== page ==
A piper in New Zealand has been sentenced to 12 months’ intensive supervision after committing a roadside sexual assault on a 13-year-old girl. He was also given a ‘first-strike warning’ under New Zealand’s three-strikes legislation.
John William Nicholl (54) of Outram, a rural suburb of Dunedin in the South Island, is also a teacher and part-time church pastor. He pleaded guilty at Dunedin District Court earlier this week to indecent assault and conducting an act of indecency. The judge declined his application for a discharge without conviction.
Nicholl [pictured] has resigned from his local pipe band, his church and his teaching post at Taieri College near Dunedin.
As reported in the New Zealand Herald, the court heard how on November 1, 2020, his first victim, a 50-year-old woman, was walking her dog in South Dunedin and when she rounded a corner she saw Nicholl standing beside his car. He was wearing his traditional Scottish garb and asked the woman if she could help him tuck in his shirt, saying that it was most effective if she reached under the kilt and pulled the shirttails down. The victim told the court she suspected Nicholl he may not have underwear on, and was hesitant but that Nicholl urged her on. When she hitched up the kilt, her fears were realised and she walked away.
The court further heard that on December 6 — the day of the Dunedin Santa Parade — Nicholl drove through the district and approached two women on the street, asking for assistance in a similar fashion. A police summary said it was unknown whether they acquiesced. Following the parade, Nicholl targeted a 13-year-old girl. This time he was more forceful. Court documents say he “grabbed hold of the victim’s left hand and put it under his kilt” before moving the girl’s hand across his genitalia.
A psychologist’s report put Nicholl’s acts down to elevated stress due to his work and various extracurricular pursuits. He has committed to continue counselling. As well as the sentence and first-strike warning, he was ordered to pay his first victim $200 and the teenager $1,800.
The date for the 2022 European Pipe Band Championships has been confirmed as June 25. The venue is once again Bught Park in Inverness.
In confirming the date, organisers, LCC Live said it had also negotiated with the Royal Scottish Pipe Band Association (RSPBA) an extension for a further two years, which will see it deliver the championships in 2023 as well. Its original contract would’ve ended with the 2021 event, which, like the 2020, fell victim to the on going pandemic.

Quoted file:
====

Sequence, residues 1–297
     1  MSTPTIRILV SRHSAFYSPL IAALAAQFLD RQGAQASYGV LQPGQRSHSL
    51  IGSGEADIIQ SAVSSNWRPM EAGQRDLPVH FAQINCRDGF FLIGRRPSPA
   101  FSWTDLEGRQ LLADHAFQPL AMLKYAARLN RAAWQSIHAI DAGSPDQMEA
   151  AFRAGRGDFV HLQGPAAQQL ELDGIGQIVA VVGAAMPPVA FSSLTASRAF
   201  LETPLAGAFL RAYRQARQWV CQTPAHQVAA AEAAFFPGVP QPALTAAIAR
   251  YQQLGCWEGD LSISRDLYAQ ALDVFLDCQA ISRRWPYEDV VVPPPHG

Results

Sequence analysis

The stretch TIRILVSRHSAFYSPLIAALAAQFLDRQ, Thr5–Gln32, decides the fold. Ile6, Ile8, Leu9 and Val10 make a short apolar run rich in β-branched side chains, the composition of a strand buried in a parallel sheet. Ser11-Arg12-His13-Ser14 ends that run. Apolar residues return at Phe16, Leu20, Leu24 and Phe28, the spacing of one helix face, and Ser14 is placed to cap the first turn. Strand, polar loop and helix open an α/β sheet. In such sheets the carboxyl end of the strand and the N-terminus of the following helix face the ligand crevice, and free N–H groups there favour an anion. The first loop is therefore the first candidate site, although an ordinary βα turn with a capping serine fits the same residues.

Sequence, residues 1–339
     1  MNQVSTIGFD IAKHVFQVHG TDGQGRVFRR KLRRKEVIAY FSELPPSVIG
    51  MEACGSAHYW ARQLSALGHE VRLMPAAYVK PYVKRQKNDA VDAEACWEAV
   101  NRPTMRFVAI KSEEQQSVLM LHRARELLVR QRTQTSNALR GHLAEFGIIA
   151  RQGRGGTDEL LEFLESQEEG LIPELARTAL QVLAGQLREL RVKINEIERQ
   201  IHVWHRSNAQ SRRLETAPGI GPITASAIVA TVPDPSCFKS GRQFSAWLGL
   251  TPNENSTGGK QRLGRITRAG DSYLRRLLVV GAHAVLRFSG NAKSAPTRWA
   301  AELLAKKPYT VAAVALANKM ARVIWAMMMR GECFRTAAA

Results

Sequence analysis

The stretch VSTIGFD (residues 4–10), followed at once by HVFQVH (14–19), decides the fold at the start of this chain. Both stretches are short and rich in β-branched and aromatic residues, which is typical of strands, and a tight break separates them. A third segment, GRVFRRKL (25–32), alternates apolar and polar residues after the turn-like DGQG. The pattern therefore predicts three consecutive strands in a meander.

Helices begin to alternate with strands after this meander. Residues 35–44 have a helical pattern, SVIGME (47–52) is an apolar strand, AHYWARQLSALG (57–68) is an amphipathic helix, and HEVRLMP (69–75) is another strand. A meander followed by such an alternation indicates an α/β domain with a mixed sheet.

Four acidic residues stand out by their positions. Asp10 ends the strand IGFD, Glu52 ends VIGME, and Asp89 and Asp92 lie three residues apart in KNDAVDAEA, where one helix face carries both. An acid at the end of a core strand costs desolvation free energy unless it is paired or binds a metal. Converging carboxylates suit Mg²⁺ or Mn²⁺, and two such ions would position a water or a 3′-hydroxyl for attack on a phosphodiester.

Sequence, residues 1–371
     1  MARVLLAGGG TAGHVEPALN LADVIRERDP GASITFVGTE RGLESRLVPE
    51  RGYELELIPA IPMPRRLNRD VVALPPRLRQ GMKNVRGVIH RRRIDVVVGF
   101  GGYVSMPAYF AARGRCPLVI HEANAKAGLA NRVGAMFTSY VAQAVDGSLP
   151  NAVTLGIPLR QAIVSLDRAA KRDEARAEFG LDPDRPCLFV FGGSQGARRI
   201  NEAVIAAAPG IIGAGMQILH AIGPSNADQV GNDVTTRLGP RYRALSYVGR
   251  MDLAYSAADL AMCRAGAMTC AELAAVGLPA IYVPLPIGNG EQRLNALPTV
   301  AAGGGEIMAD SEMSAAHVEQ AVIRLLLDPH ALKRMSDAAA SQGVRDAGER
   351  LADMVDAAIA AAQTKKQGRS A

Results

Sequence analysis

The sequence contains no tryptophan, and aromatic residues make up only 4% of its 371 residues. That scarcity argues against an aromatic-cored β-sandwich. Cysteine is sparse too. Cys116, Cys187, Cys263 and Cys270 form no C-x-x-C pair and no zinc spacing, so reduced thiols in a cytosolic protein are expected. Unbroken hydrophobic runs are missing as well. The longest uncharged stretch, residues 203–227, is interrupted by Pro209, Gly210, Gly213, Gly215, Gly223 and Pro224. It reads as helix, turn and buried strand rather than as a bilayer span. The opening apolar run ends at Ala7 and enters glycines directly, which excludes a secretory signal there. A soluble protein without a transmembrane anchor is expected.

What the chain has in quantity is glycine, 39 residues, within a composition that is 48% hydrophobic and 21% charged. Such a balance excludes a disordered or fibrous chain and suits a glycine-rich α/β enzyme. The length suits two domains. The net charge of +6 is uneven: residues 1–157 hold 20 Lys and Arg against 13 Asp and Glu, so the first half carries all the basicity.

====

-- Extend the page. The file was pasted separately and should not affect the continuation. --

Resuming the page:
Les Kidger of LCC Live said: “We’d like to thank The Royal Scottish Pipe Band Association for extending our agreement, and we look forward to working closely with them, as well as our partners at Highland Council, Highlife Highland and Event Scotland, to ensure we deliver successful events in 2022 and 2023.”
Kevin Reilly, chairman of the RSPBA, commented: “We can’t wait to get to back to Inverness! LCC Live delivered one of the best piping events we’ve ever hosted, and we’re extremely excited to announce that the European Pipe Band Championships are back in the Highlands in 2022. There’s no better feeling than seeing and hearing the hundreds of pipe bands that descend to compete in major competitions, including the European Pipe Band Championships – we’re so looking forward to it!”
The RSPBA has also released the following dates for the other major championships (excelt the British):
• UK Championships – June 11 at Lurgan, Northern Ireland.
• Scottish Championships – July 30 at Levengrove Park, Dumbarton.
• World Championships – August 12/13 at GLasgow.
The 2021 Royal National Mòd piping competitions will take place online.
Junior pipers should submit videos of their performances for the respective categories by the extended date of Friday, August 27. Their performances will be showcased online though the Mòd’s social media channels on October 9.
And finally, it appears lockdown frustrations are boiling over in a part of Sydney, Australia.
A student in the city was so fed up of hearing a piper practice constantly for eight days straight that she penned a note and left it outside the piper’s home near the city’s Petersham Park.
Her note read: “Dear Bagpiper, I understand lockdown is hard and we all need a creative outlet. However, it’s been 8 days and I’m not sure how much more bagpiping I can take.
“Please consider taking a day off every now and then, it would be greatly appreciated. Sincerely, a struggling Year 12 student.”
Our advice to the piper if he/she is reading this is to purchase a pair of earplugs from The Bagpipe Shop … and present them to this student.
Have a good weekend … and don’t forget to take in the shows happening during Piping Live as of tomorrow. Bagpipe.News will carry reviews for some of them in due course.